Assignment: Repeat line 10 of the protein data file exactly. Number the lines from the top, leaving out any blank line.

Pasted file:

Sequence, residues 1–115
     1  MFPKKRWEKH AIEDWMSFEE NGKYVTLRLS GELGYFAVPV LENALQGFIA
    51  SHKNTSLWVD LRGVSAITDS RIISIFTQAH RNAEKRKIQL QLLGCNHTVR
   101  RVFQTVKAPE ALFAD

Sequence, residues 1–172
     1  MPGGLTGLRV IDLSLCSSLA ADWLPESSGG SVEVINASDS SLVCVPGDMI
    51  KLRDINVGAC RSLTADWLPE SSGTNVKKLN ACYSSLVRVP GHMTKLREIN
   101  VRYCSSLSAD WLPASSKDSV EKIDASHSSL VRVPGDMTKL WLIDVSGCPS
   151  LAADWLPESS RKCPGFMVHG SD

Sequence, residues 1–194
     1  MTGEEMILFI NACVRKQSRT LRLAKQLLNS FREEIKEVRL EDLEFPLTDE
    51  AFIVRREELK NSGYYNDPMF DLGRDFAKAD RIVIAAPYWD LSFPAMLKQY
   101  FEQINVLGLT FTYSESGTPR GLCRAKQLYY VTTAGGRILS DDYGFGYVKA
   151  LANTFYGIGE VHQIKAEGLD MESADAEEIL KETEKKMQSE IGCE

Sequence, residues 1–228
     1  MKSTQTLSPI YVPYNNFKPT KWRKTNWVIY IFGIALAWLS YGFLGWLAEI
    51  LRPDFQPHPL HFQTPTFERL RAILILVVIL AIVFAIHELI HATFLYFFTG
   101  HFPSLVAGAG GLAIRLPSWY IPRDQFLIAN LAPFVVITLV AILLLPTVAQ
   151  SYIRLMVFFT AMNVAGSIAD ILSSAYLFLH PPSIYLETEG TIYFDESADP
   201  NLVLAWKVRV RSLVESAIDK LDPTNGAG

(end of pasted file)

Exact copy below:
Sequence, residues 1–194